First Baptist Marble Hill housed 20 people the first night of the flood when Hurricane Creek, which bisects the community, separated people from their homes.
“Some kids who got out of school early couldn’t get home to their families,” Fred Ritter, pastor of First Baptist Marble Hill, said.
A community of about 1,500, Marble Hill is getting used to turning to First Baptist for help. A few weeks ago during an ice storm, more than 50 people showed up to sleep in the church’s family life center.
“We don’t really have a community center, so our church has become the place to go in a disaster,” Ritter said. “It’s been a great way to minister, and the Lord is watching over us.”
Even though the waters are back to a manageable level, Rick Seaton, director of the Missouri Baptist Convention’s disaster relief fleet, said work is far from over. The North American Mission Board is sending an incident command team to coordinate the monumental mud-out and cleanup efforts, and volunteers, trained or not, are in high demand.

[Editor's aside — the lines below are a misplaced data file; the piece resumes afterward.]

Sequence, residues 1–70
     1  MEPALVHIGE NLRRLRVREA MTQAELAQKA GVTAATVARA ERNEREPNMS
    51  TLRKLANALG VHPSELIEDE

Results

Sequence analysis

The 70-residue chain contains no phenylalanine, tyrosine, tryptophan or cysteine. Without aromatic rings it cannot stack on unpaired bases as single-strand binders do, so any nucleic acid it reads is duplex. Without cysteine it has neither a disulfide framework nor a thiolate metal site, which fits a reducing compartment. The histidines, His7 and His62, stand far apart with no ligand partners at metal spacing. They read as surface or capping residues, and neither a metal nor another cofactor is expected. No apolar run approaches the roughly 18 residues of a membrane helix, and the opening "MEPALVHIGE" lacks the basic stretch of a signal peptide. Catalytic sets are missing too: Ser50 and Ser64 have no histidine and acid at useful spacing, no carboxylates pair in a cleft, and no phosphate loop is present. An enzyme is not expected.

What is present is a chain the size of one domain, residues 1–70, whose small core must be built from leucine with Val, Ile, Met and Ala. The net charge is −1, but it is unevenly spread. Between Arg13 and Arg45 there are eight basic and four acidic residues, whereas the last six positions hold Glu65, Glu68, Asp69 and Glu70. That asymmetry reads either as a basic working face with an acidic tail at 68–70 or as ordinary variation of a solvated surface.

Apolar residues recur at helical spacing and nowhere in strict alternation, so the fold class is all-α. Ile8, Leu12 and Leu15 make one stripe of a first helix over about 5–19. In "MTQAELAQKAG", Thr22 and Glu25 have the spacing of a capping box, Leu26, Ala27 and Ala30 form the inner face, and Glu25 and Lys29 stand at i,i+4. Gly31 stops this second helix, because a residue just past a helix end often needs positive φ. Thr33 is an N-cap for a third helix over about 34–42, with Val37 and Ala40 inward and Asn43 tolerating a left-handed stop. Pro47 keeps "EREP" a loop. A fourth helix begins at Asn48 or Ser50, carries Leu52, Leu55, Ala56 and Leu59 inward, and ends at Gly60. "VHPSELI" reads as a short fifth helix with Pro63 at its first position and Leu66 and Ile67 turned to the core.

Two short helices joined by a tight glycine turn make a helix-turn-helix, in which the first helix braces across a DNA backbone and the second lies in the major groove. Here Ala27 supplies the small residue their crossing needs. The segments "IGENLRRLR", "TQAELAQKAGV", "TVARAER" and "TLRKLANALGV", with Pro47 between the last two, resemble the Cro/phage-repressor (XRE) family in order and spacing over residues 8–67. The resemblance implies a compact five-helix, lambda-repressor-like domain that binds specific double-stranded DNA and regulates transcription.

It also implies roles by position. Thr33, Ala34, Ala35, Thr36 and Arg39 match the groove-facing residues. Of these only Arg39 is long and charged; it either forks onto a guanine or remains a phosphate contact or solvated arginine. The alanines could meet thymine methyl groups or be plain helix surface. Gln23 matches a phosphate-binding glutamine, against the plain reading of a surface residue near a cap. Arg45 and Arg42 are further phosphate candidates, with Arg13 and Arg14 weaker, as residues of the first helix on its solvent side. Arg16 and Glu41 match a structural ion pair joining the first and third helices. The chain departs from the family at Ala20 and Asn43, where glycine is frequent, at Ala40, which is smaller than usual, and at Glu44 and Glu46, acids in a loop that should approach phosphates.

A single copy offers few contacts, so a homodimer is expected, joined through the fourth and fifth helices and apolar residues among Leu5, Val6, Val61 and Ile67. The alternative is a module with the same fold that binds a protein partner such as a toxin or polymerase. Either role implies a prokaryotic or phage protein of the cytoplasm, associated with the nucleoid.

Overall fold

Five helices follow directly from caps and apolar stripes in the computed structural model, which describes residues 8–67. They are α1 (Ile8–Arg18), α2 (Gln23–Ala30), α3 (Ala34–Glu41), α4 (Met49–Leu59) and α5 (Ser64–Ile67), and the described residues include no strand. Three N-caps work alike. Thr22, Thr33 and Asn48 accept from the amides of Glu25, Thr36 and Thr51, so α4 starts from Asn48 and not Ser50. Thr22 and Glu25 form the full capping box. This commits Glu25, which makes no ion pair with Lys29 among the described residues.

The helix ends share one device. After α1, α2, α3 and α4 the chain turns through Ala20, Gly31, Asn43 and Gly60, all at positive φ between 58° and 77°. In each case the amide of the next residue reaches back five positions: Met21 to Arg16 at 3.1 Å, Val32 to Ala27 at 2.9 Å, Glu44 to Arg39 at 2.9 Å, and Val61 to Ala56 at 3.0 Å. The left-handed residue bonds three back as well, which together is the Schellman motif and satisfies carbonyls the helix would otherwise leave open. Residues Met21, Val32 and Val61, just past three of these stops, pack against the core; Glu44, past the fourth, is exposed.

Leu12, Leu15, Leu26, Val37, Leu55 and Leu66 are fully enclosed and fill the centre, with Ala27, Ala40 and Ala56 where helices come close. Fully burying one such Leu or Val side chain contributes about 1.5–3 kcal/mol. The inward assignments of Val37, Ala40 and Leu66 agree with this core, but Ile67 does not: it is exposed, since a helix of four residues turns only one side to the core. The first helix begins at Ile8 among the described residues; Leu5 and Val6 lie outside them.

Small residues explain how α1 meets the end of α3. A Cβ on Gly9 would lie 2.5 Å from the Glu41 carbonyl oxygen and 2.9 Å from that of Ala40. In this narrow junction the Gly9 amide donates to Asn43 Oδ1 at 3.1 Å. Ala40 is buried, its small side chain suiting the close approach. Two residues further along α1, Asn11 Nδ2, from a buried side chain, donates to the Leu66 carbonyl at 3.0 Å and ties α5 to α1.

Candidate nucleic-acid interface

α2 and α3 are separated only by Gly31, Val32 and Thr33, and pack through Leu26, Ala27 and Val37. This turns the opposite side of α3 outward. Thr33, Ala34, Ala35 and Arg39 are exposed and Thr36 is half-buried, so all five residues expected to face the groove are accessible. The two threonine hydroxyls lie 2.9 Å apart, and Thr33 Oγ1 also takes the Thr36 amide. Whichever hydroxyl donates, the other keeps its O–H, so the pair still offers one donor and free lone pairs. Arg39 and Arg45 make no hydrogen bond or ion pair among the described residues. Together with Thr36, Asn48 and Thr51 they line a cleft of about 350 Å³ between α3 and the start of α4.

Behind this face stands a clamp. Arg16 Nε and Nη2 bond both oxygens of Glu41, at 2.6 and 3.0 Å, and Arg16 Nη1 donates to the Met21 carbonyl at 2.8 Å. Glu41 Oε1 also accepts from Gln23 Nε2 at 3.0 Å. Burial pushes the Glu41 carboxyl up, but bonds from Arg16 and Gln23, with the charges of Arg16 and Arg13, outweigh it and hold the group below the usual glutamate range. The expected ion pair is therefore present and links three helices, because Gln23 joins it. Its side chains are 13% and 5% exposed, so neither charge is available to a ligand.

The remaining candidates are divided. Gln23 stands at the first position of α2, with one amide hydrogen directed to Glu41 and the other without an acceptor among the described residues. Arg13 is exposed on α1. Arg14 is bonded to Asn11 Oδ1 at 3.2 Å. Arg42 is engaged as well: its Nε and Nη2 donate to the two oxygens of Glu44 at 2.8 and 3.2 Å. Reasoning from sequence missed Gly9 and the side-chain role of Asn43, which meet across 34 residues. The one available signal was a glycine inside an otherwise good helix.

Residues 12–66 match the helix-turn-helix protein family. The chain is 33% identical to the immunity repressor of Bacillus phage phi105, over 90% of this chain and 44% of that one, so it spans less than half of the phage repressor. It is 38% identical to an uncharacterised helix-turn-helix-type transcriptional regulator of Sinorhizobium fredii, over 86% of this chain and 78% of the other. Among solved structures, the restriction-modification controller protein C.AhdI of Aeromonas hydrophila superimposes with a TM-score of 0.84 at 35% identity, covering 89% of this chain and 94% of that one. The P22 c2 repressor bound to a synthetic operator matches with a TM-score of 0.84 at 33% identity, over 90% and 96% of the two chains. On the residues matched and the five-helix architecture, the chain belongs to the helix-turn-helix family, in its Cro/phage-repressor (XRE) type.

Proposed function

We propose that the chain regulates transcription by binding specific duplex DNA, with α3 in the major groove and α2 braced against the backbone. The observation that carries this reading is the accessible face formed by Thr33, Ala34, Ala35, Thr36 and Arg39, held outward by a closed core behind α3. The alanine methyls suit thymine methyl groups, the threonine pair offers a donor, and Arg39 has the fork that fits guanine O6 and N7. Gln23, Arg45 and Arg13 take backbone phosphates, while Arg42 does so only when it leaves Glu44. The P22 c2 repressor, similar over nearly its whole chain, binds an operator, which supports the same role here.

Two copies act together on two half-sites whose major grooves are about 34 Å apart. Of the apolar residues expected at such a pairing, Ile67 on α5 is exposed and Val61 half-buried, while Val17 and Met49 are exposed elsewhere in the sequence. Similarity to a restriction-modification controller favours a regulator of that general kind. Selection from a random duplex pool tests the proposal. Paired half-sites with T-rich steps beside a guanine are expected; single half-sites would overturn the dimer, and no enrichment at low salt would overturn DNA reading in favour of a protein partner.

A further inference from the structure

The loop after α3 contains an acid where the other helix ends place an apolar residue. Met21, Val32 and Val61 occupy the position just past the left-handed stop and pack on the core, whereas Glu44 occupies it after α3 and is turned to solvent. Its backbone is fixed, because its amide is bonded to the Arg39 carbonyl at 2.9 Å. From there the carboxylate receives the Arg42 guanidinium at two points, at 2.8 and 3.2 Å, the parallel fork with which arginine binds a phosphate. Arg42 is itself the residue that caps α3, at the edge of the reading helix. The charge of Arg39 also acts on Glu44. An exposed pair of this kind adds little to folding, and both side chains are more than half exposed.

“We need a lot more in-state volunteers,” Seaton said. “If you have had Southern Baptist/Missouri Baptist disaster relief training in any area but have not specifically had mud-out training, you are still welcome to help with mud-out. Training will be provided on site. Please let us know the dates you would be available and someone will contact you if/when you are needed.”
For information about Missouri disaster relief or to volunteer, contact Gwen Martin at [email protected] or call 1-800-736-6227.
In Arkansas, Gov. Mike Beebe has declared nearly half of the state’s counties disaster areas, hundreds of homes have been damaged and roads are still closed in several counties. Heavy rains began pounding the state March 17, prompting the deployment of Arkansas Baptist disaster relief volunteers. At least one Arkansas resident has died in the floods and another is missing.
Robby Tingle, head of the Arkansas Baptist State Convention missions ministries team, said a group of Arkansas Baptist volunteers was involved in flood relief efforts in Mountain View, and others were expected to arrive March 27 to help with mud-out and cleanup efforts.